The Helix Well Containment Group (HWCG) announced today it will substantially increase its subsea well containment capabilities this year by expanding its ability to control and contain a release in water depths up to 10,000 feet.
HWCG is a consortium of 22 deepwater operators in the Gulf of Mexico that has come together with the common goal of expanding capabilities to quickly and comprehensively respond to such an incident to protect employees, communities and the environment. HWCG’s current system is capable of facilitating control and containment of spills in water depths up to 5,600 feet and will utilize Helix Energy Solutions Group’s Q4000, the intervention vessel effectively used during the Deepwater Horizon response. The system features a 10,000 psig capping stack.
By April 8, 2011, the system is expected to have increased containment capacity and capabilities for water depths up to 8,000 feet, as well as capture and processing capabilities of 55,000 barrels of oil per day and 95 million cubic feet of natural gas per day. In the coming weeks, HWCG will also add a 15,000 psig capping stack.
Full operational capability for water depths of up to 10,000 feet is anticipated mid-summer 2011.
“Our enhanced response and containment capabilities would exceed the depth of any well currently drilled or planned by the consortium’s 22 members and would allow operators to control capping and containment stacks at the greater depths,” said Roger Scheuermann, commercial director for HWCG.
Building upon equipment effectively used in the Deepwater Horizon response, HWCG has signed an agreement with Helix Energy Solutions Group (NYSE: HLX) to provide the primary components of the response. Additionally, HWCG has agreements in place with more than 30 service providers who will provide additional services, products and personnel, if needed.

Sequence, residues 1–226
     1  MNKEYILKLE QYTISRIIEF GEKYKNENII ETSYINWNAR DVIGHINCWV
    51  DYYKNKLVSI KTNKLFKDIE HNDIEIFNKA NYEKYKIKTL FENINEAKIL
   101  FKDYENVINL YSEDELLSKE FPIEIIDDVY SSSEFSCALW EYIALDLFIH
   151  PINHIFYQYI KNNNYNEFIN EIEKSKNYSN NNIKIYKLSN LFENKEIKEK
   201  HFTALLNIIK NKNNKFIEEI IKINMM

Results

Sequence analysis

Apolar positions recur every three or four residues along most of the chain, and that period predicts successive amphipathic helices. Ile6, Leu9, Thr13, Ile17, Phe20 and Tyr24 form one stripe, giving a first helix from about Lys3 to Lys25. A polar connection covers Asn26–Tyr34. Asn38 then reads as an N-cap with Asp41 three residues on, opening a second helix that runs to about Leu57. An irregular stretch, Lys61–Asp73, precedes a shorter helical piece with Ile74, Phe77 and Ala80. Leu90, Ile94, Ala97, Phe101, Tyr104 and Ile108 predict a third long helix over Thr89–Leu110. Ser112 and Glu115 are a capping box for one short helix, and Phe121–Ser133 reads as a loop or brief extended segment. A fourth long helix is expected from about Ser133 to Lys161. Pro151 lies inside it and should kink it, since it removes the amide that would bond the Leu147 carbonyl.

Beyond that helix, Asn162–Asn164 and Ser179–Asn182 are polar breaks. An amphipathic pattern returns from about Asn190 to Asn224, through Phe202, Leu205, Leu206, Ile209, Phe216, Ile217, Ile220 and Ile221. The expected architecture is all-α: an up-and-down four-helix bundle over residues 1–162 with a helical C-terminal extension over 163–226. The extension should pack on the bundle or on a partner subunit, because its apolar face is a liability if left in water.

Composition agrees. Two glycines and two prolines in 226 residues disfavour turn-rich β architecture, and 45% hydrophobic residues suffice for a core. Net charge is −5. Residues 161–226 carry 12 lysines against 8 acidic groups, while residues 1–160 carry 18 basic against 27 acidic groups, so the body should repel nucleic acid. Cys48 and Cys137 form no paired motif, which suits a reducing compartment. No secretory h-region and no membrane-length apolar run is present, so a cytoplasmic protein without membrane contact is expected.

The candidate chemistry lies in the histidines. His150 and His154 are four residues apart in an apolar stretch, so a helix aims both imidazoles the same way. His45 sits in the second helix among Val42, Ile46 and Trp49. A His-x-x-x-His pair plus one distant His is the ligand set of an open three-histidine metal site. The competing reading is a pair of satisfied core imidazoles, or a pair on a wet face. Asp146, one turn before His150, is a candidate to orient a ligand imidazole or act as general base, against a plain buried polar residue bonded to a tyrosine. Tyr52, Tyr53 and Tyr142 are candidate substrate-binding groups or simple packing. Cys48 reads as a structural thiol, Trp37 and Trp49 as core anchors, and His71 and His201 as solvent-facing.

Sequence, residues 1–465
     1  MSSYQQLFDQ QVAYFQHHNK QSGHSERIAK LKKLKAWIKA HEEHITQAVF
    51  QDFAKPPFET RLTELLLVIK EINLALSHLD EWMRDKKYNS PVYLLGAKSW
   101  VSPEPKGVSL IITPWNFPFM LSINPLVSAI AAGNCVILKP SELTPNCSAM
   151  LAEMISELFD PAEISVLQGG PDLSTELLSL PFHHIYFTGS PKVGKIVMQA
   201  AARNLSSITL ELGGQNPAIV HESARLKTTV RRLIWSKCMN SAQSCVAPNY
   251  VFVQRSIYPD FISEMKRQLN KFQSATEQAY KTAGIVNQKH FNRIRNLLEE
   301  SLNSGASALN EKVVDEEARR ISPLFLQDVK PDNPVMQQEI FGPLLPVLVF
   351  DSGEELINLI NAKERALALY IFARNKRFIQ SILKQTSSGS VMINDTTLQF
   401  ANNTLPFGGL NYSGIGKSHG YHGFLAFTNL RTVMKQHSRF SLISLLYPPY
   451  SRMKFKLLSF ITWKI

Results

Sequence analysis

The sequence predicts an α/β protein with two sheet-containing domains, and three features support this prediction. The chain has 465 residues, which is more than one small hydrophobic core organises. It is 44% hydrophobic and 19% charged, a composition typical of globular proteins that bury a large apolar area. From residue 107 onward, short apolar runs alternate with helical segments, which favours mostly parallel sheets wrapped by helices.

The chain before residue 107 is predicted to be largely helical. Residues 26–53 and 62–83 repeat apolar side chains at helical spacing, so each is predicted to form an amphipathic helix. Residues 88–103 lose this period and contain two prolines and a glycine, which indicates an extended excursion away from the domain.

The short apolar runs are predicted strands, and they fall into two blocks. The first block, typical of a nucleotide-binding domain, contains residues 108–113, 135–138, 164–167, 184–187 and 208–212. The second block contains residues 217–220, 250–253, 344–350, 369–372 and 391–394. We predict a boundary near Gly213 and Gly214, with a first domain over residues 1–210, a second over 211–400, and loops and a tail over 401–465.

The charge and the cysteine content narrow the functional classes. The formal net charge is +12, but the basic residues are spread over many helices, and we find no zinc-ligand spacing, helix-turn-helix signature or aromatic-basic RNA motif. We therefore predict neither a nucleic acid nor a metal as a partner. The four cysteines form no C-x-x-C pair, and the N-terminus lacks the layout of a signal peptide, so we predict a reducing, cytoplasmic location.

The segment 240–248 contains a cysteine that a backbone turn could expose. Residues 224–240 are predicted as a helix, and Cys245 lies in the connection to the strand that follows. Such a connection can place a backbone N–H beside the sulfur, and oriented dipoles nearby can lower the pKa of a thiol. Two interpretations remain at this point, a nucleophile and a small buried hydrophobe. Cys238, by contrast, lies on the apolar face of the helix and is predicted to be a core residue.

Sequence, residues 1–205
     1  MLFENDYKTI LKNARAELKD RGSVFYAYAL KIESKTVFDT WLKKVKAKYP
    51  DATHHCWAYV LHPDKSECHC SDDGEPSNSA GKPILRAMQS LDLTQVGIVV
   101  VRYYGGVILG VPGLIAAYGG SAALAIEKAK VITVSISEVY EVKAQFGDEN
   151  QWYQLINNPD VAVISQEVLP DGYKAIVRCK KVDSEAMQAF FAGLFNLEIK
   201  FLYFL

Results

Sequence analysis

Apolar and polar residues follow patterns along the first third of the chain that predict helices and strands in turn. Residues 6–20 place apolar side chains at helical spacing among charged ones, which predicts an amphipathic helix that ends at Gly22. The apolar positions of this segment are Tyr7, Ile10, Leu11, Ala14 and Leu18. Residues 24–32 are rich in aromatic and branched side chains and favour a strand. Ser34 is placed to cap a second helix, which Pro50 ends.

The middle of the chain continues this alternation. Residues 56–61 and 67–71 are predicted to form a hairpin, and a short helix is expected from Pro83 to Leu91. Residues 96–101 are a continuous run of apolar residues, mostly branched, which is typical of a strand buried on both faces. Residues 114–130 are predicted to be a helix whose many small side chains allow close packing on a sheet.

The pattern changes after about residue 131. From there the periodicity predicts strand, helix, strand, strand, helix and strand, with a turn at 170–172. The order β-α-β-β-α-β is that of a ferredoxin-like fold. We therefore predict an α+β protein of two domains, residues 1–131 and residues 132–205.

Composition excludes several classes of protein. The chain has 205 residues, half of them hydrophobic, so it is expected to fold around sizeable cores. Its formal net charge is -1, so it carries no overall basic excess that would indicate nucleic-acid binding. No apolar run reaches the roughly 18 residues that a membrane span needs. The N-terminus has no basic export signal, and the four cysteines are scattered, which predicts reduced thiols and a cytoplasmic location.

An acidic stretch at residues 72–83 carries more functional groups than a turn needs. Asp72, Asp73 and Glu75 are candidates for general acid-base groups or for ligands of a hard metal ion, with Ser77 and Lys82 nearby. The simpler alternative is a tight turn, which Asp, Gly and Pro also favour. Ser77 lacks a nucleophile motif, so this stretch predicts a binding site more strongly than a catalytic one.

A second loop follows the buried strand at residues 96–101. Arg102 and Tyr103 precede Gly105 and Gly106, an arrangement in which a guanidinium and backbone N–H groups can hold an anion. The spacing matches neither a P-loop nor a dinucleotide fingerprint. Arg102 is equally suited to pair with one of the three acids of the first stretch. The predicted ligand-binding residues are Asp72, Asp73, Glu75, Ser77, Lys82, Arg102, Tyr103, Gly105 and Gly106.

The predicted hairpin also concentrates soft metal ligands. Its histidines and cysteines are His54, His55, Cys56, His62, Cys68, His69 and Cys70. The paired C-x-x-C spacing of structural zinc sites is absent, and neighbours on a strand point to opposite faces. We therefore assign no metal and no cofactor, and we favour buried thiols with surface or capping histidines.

About Helix Well Containment Group
The Helix Well Containment Group (HWCG) is a consortium of 22 deepwater operators in the Gulf of Mexico who have come together with the common goal of expanding capabilities to quickly and comprehensively respond to a subsea spill to protect employees, communities and the environment. Bringing together the technical expertise and resources from this diverse group of operators, and building upon equipment tested and proven in the Deepwater Horizon response, the HWCG has developed a deepwater well-containment response system capable of being immediately deployed in the event of a deepwater spill. Each HWCG member company has committed to a mutual aid agreement, allowing any member to draw upon the collective technical expertise, assets and resources of the group in the event of an incident.
Source:Businesswire, March 31, 2011; Image:Helix